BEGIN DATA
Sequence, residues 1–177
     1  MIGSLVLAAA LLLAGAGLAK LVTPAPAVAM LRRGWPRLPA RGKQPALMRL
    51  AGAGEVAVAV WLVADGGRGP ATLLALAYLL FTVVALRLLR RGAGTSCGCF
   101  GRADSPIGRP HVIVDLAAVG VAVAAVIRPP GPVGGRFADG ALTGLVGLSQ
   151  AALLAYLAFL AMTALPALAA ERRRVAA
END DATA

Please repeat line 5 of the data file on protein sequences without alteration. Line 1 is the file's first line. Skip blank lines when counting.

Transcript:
   151  AALLAYLAFL AMTALPALAA ERRRVAA